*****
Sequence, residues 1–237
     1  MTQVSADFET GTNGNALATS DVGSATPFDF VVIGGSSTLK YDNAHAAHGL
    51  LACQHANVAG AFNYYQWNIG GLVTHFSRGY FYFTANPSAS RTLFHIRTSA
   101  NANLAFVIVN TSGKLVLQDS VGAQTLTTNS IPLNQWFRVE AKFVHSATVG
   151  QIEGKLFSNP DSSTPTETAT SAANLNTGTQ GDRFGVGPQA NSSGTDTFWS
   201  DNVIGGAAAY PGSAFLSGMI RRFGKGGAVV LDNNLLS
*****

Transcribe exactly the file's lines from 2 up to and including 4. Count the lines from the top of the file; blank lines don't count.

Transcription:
     1  MTQVSADFET GTNGNALATS DVGSATPFDF VVIGGSSTLK YDNAHAAHGL
    51  LACQHANVAG AFNYYQWNIG GLVTHFSRGY FYFTANPSAS RTLFHIRTSA
   101  NANLAFVIVN TSGKLVLQDS VGAQTLTTNS IPLNQWFRVE AKFVHSATVG